“Whether companies choose to permanently move their operations, return employees to the office, or some combination of both, implementing endpoint management and efficient security solutions should be a priority.”
No one is safe
It’s not just businesses that need to make cybersecurity a priority. According to Shepherd, “cybercriminals are [also] becoming very adept at misleading voters with disinformation. This includes propagating false news, using bots to drive social media engagement and the strategic leaks of incriminating emails or confidential documents.” Shepherd continues, “mainstream awareness on these issues is growing. However, the fact remains that people spend a significant amount of time online and it is getting increasingly difficult to understand what is real and what is a bot-generated media post.”
Dave Palmer, Director of Technology, Darktrace also reminds us that, “just last month, news of a woman dying after ransomware hit a German hospital hit the headlines. Last month the NCSC warned of attacks against the academic sector following a spate of hacks on UK schools, colleges and universities. Earlier this year, we learned of nation-states hacking vaccine research.
Palmer advises, “cyber-attacks have evolved but the key to fighting them remains the same. Static security – creating rules about what is ‘good’ and ‘bad’ simply can’t keep pace.
“There is no silver bullet to cybersecurity but today we have technology available that can stop novel attacks at machine-speed. Finding the right people with the right skills to defend organisations is important, but they cannot handle the challenge alone. We need to augment teams with AI that can make decisions in seconds.”
The potential consequences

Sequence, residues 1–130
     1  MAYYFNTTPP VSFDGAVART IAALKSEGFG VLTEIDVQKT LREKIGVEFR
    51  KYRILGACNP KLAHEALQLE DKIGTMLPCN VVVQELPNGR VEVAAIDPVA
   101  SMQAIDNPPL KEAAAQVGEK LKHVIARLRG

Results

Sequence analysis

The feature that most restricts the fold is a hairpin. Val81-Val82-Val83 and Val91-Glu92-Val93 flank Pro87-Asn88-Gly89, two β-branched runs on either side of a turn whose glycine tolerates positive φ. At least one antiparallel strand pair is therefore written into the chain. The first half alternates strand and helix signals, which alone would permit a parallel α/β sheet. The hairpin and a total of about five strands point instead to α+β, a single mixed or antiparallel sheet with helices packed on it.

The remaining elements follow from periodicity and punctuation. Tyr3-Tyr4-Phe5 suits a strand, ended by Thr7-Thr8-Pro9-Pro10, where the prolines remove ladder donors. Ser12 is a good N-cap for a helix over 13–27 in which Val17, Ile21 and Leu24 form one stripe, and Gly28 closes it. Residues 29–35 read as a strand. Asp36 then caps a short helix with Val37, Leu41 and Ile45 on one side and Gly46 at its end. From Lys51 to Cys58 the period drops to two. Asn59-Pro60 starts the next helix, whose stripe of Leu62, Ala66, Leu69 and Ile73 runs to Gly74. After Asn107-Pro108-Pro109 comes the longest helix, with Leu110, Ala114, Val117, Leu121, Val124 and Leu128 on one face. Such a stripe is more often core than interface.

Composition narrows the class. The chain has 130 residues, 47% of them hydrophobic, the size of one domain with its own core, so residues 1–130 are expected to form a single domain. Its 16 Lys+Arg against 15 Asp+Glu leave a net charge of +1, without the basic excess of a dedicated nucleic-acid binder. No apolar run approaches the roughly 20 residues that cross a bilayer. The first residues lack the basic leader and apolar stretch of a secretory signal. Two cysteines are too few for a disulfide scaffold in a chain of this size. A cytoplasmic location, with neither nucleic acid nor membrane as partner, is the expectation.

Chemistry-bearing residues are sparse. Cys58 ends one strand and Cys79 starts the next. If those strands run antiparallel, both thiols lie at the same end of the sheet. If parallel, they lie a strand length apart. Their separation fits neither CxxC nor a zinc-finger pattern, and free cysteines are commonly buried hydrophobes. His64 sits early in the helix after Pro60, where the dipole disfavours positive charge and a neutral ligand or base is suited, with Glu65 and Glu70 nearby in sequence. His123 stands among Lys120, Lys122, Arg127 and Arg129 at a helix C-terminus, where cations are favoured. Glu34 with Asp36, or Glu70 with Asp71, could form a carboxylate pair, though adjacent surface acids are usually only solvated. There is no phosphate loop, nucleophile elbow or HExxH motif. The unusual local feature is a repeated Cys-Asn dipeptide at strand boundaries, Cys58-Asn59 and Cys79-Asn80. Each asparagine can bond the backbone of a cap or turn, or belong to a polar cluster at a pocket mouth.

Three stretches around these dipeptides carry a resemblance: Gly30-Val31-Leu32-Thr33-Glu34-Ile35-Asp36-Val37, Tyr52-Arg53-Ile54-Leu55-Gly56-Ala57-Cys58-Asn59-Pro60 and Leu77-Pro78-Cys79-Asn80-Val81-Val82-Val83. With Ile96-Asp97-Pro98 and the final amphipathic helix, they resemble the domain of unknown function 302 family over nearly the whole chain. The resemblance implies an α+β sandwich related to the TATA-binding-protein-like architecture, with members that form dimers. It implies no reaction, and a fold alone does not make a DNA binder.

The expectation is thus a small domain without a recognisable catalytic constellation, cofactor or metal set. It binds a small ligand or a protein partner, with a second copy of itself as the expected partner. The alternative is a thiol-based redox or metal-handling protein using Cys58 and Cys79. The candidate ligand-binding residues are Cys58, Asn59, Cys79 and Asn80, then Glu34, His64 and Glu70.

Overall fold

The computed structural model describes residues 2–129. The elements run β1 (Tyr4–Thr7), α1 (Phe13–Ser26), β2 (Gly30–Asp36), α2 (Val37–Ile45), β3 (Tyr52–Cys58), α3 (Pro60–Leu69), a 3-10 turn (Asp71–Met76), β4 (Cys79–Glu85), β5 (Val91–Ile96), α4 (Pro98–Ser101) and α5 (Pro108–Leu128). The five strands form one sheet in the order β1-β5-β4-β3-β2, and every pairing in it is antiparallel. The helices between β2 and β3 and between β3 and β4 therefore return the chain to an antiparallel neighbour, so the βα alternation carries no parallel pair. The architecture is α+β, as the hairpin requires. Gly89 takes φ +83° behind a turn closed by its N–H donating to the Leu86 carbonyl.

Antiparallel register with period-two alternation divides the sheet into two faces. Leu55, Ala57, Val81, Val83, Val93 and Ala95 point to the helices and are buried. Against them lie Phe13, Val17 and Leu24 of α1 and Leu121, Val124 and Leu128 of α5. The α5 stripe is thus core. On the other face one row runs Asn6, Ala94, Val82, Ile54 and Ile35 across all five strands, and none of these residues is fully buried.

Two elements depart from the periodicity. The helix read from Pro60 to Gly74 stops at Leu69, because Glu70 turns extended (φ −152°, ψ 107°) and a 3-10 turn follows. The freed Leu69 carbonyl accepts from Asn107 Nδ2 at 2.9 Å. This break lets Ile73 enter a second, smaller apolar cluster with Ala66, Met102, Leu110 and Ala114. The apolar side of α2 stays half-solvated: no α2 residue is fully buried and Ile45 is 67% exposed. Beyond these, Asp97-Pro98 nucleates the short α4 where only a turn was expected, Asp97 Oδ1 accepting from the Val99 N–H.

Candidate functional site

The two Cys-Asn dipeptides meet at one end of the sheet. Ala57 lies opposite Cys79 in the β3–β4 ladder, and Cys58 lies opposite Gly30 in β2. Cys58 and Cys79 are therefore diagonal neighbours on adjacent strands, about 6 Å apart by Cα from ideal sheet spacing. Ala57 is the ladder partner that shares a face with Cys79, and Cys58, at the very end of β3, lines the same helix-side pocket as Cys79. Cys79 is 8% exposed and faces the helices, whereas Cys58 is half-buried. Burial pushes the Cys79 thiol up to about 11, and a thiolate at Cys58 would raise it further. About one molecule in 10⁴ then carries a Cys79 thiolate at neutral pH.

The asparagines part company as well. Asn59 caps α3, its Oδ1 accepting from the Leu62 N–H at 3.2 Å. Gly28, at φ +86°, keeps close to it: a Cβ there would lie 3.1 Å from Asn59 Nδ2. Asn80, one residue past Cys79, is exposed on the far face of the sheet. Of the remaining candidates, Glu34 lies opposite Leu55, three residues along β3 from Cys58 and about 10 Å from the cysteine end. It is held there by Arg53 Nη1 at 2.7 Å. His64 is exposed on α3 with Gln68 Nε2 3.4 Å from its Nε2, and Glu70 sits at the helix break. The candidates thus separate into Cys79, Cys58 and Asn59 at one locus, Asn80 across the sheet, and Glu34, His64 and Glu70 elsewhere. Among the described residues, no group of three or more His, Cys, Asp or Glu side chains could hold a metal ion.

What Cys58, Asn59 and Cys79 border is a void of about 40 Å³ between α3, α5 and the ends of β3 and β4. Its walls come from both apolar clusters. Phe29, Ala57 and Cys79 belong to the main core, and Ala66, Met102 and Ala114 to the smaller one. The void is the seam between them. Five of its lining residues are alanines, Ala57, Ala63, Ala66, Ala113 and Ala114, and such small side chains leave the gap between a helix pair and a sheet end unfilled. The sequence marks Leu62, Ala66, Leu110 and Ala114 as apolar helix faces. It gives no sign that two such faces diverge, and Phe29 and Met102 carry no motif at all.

So, what happens when businesses don’t have the appropriate security measures in place? Huggett warns that, “while cybersecurity is a universal imperative of business resilience, there are certain industries in which the reputational damage of a cyber-attack can be particularly impactful. According to a recent poll of 2,000 UK consumers, organisations in the financial services industry are most at risk of losing their customer base, with over two-thirds (67 percent) of respondents claiming they would switch providers immediately if they became aware of cybersecurity flaws. The results also show home broadband and online retail service providers to be in high-risk categories, with the potential to lose 64 percent and 58 percent of the customers, respectively.”
To avoid such consequences, Hickman advises that, “in the wake of a cyber incident, establishing [an] initial snapshot assessment is incredibly important as it will drive not only the prioritisation of the response, but the entire process. If an incident is correctly identiﬁed as high risk at the onset, the response timeline will accelerate, with organisational resources deployed more appropriately…. Principally, it’s about damage limitation and controlling the incident, so understanding the mitigating factors that might help to reduce risk to the business is key.”
Cybercriminals’ tactics are increasing in sophistication. They’re looking for vulnerabilities, and eventually they will find them. Paired with the chaos of the pandemic; it’s a recipe for their success.
If businesses want to remain competitive and cope with the disruption of today’s unpredictable world, they need the skills, expert advice and technology to do so.